Chemical structures of “good” and “bad” drugs dictate functions

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by Nicole Kwiek

Drug overdoses, the majority of which involve prescription medications, continue to be the leading cause of accidental death in this country. How can that be? If a highly trained medical professional prescribes these drugs, surely they can’t cause serious problems, right? Let me provide a scientific explanation for why they most certainly can.

Any drug, pharmaceutical or not, can be dangerous when misused. The reason for this boils down to pharmacology, or the science behind drug action. Drugs, like all chemicals, have a three-dimensional structure to them, and that specific shape dictates in part where that drug goes in the body, how quickly it does so, and importantly what target it binds.

So what is a drug target? Most commonly, these are proteins that carry out an important function in the body. They might be enzymes that help to catalyze chemical reactions. They might be receptors that help cells to translate chemical signals into a cellular response. They can be ion channels that open up and allow ions to flow across the cell membrane. In a nutshell, these targets do something in the body to produce some type of physiological response.

Drugs bind to and modify target function – that is, drugs can ramp up a target’s baseline activity or inhibit its activity all together. Importantly, the drug-target interaction is typically quite specific, and drugs with similar structures often bind to the same target.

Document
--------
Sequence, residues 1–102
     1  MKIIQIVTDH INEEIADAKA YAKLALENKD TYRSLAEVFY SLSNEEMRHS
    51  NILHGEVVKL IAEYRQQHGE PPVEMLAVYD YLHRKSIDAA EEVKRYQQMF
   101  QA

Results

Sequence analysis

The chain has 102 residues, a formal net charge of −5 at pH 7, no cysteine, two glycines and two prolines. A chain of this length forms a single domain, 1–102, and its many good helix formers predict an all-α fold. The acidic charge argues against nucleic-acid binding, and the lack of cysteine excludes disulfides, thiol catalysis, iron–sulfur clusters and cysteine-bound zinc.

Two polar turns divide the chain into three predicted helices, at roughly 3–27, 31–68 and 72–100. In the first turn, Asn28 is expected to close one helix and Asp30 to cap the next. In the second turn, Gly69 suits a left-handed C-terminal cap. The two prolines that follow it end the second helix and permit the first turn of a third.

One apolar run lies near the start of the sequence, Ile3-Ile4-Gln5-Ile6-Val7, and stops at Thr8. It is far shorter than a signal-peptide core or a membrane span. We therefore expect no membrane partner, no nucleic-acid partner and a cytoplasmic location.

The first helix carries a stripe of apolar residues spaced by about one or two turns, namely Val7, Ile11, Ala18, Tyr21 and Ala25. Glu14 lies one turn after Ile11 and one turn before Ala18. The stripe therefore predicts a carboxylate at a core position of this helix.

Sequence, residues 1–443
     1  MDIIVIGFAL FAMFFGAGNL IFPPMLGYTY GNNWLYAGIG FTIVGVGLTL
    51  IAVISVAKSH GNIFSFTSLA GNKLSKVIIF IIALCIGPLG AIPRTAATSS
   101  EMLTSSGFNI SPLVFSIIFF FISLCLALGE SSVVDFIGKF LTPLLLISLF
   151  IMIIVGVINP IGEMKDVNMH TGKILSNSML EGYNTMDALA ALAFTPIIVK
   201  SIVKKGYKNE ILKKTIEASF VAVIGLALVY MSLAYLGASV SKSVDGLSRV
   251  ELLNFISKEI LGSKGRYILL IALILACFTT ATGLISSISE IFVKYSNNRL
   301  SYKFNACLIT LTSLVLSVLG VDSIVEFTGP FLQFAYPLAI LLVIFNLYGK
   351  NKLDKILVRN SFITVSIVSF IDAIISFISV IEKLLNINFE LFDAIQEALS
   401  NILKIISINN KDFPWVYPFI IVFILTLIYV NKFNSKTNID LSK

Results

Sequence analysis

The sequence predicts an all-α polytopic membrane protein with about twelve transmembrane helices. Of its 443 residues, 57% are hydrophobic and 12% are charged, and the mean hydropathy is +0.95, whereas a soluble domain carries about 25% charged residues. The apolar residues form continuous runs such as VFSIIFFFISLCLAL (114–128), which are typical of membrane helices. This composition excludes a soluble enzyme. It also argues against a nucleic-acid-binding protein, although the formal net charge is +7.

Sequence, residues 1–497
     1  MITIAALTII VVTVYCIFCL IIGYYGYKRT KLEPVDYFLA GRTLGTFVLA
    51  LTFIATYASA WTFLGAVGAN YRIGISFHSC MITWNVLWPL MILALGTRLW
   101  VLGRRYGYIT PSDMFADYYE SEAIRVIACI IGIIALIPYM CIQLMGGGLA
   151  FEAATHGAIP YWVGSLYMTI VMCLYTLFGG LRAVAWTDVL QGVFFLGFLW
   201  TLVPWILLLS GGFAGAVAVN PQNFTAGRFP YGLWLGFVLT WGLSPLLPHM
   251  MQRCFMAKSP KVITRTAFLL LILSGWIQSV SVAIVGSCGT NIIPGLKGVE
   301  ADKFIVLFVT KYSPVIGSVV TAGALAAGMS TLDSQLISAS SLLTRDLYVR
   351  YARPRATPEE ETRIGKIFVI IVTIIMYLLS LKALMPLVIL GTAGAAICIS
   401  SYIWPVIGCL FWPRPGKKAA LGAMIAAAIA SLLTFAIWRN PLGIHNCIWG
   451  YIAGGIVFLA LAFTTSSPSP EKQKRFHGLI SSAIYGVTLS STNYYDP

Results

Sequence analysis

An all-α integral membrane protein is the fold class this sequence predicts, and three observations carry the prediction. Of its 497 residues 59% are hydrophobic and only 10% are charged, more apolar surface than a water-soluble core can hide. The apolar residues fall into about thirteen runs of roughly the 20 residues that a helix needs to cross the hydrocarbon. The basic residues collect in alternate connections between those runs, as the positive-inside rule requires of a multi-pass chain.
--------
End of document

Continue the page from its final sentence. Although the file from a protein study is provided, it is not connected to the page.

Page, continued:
So let’s think about it. Could a medicinal drug and an illicit drug theoretically have similar structures? Absolutely. Could a similarly structured medicinal drug and an illicit drug theoretically bind the same target? Absolutely. So then, could a medicinal drug and illicit drug elicit the same response? Absolutely. The target doesn’t care if the chemical is medicinal or not – it’s just going to respond.

Let’s use the example of the opioids to illustrate this point. Below you will find the chemical structures of heroin (an illicit street drug; right) and oxycodone (a prescription pain reliever medication; left). You don’t need to be a chemist to recognize that these two drug structures are very similar. Indeed, both of these drugs bind to the same target (the opioid receptor), both of these drugs affect how that target works, and both of these drugs can cause detrimental and sometimes fatal outcomes.

Image courtesy of Nicole Kwiek.

The chemical structures of heroin (right) and oxycodone (left) are similar. Image courtesy of Nicole Kwiek.

We can label drugs as being “good” or “bad,” medicinal or illicit. However, the body doesn’t care about the name of the drug or from where the drug came. The body, and more specifically the targets, react according to the chemistry of the drugs.

kwiek_nicole_150Nicole Kwiek, PhD, is a clinical assistant professor in pharmacology and Director of Undergraduate Studies at The Ohio State University College of Pharmacy. Her interests include science education outreach, pharmacology for K-12 students, and prescription drug misuse awareness.

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